Vienna Woods becomes first Cork city hotel to shut its doors due to Covid-19 pandemic

Vienna Woods becomes first Cork city hotel to shut its doors due to Covid-19 pandemic
Proprietor Michael Magner, closing the Vienna Woods Hotel in Glanmire, Cork, until further notice. Picture: David Keane.

After 15 years of business, Michael Magner of Vienna Woods Hotel has closed his doors amid the coronavirus pandemic in what he calls an “unprecedented act of God.” 

Vienna Woods is the first city hotel to close following the Government appeal to the public to minimise social contact to prevent the spread of Covid-19.

The hotelier said the welfare of his staff, support for the Government and the safeguarding of his business were the main reasons for closing his doors.

Proprietor Michael Magner and his son Eric, before closing the Vienna Woods Hotel in Glanmire, Cork, until further notice. Picture: David Keane.
Proprietor Michael Magner and his son Eric, before closing the Vienna Woods Hotel in Glanmire, Cork, until further notice. Picture: David Keane.

Mr Magner told his 100-plus staff on Saturday of his decision to close and said it was one of the hardest days in his life.

“We knew we had to do it, but it was so hard because none of us wanted to stop working,” Mr Magner said.

“I have laid off over a hundred people. I am the first hotel to close and I think this is the reality of what lies ahead.” 

Speaking to The Echo, he called on the Government to offer advice and direction along with financial supports to businesses in this time of crisis.

“While I appreciate the Government is putting the health services first, they need to offer support, this is not a recession, this is an unprecedented force majeure, if you will, act of God and in a time like this we look to the Government for leadership.” 

Mr Magner said ‘crisis’ was too tame a word to use in the current situation and said that people’s mental health could be affected in the coming days and weeks.

“I have laid off my staff and I don’t know when I am going to reopen again and that is where we need advice and direction not just in hotels, but in restaurants and bars.” 

The hotelier said that while Government had urged businesses to close and supplement staff incomes, he said it is not always possible.

"Some businesses may be able to do something but the reality is others cannot," he said. 

"In the hospitality sector you have a lot of people on stamp 2 visas, so what that means is they come here to learn English and they are allowed work 20 hours a week to supplement their bills, but they are not allowed to claim social welfare.

“So these people are being let off, but there is no Government support for them.” 

Proprietor Michael Magner and his son Eric, before closing the Vienna Woods Hotel in Glanmire, Cork, until further notice. Picture: David Keane.
Proprietor Michael Magner and his son Eric, before closing the Vienna Woods Hotel in Glanmire, Cork, until further notice. Picture: David Keane.

Managing Director of Trigon Hotels Aaron Mansworth said it was is a very difficult time for hotels.

“Government supports are badly needed as quickly as possible.” 

He said that the situation was entirely unprecedented and hotels were seeing between 70% to 100% fall-off in business.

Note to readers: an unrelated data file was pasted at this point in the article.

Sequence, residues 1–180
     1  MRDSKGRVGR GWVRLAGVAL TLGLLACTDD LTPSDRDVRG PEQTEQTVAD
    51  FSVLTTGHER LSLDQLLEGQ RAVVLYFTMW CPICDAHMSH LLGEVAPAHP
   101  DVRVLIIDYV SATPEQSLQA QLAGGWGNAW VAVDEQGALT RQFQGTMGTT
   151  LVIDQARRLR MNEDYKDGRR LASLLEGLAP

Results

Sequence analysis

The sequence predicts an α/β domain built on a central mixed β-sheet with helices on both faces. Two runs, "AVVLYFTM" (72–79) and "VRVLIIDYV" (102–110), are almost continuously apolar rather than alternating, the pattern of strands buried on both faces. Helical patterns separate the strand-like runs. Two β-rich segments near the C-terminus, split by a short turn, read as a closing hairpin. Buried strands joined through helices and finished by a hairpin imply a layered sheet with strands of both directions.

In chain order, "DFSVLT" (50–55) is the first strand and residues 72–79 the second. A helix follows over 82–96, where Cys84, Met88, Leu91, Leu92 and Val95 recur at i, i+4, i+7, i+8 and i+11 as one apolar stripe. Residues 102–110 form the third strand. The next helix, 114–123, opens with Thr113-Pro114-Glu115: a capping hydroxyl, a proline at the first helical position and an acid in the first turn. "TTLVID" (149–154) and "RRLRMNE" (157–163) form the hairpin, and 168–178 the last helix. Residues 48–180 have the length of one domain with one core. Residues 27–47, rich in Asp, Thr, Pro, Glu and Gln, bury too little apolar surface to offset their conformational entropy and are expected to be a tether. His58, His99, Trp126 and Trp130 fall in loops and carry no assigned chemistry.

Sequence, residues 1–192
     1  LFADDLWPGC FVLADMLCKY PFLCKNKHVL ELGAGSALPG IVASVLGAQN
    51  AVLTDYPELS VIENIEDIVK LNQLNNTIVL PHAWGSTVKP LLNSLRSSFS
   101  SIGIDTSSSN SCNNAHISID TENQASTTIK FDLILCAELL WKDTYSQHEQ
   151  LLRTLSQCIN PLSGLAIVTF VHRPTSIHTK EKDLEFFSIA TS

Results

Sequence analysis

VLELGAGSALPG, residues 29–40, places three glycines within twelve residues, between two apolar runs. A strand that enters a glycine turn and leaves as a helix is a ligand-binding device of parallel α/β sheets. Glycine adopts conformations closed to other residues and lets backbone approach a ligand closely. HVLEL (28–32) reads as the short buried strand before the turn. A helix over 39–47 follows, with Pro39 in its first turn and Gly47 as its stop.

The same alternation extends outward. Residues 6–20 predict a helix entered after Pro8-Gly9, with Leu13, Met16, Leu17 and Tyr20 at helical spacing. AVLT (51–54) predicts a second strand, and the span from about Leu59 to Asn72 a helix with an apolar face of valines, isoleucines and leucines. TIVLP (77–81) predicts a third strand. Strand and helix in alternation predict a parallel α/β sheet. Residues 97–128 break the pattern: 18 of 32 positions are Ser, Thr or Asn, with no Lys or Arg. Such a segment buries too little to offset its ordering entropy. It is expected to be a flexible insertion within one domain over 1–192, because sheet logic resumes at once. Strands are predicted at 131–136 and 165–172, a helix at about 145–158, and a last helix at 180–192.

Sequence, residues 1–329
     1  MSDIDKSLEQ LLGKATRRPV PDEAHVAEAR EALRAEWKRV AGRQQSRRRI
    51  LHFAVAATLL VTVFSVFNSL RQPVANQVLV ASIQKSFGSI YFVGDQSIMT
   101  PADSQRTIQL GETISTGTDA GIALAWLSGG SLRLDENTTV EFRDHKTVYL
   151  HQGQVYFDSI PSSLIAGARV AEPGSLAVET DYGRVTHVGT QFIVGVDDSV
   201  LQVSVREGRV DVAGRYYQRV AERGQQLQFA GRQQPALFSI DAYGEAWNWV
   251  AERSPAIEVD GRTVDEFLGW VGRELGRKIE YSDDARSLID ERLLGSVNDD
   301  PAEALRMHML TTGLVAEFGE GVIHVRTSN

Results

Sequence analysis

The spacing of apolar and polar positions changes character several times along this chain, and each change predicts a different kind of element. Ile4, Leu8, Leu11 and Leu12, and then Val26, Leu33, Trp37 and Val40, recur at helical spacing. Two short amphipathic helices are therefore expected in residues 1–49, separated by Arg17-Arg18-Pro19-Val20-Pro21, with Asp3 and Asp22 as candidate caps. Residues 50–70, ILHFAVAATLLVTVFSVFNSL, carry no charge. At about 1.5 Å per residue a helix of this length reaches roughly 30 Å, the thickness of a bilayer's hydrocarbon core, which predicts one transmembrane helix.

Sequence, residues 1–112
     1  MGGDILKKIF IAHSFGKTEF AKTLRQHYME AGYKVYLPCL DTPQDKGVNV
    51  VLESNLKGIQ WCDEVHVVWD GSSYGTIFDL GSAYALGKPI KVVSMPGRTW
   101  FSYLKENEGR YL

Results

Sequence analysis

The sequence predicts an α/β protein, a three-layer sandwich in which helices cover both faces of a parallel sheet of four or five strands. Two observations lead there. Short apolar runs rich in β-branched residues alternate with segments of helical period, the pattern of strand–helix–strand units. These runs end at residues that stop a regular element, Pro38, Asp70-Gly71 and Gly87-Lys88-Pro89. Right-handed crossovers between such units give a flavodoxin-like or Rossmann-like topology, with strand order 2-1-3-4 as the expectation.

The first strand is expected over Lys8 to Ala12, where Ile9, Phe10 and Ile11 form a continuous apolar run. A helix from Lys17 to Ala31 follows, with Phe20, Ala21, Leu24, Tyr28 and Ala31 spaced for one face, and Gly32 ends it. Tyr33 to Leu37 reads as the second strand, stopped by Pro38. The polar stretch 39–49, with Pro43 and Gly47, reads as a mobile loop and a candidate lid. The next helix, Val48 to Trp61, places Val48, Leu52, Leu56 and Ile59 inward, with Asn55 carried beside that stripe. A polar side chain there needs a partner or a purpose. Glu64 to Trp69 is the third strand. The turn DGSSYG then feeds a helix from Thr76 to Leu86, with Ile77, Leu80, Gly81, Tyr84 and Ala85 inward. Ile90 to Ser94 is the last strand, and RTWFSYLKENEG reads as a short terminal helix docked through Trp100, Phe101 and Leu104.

“There is nothing coming in,” Mr Mansworth said. 

“We are just taking it week by week, social distancing has to be done, but you can’t run a business like ours like that.

“It is the right thing to do but for our industry it is crippling. 

"It’s all about looking after our people and the Government supports are badly needed.” 

Speaking about staff, Mr Mansworth said most were being temporarily laid off with others working through holiday time.

“It is unprecedented and I think anything that can be done is being done.” 

A statement from the Irish Hotel Federation (IHF) said that the Department of Finance response was “grossly inadequate” to the “immediate and unprecedented challenges” being faced by tourism businesses due to Covid-19 which risks wiping out a major component of the economy.

“By only offering to waive interest on late revenue payments temporarily, the Government is threatening tens of thousands of jobs and the ability of many tourism businesses and their suppliers to survive this crisis. 

"Our members are experiencing alarming levels of cancellations which are having a sudden and catastrophic impact on cash flow. 

"This is affecting their ability to pay their employees, first and foremost, with lay-offs and short-time now becoming a reality.

“The impact will be devastating for much of the country considering the spread of tourism jobs, some 70% of which are outside of Dublin. 

"For rural hotels, in particular, the consequences are dire given the vital social and economic contribution they make to their local communities.” 

The IHF is calling on An Taoiseach Leo Varadkar and Minister for Finance Paschal Donohoe to intervene and ensure the implementation of the measures sought by the Department of Transport, Tourism and Sport as a matter of urgency.

“The Government must safeguard this essential indigenous industry that employs over 260,000 across every town and county, accounting for one in every 10 jobs and contributing over €9.2 billion in revenue to the economy," the statement said.

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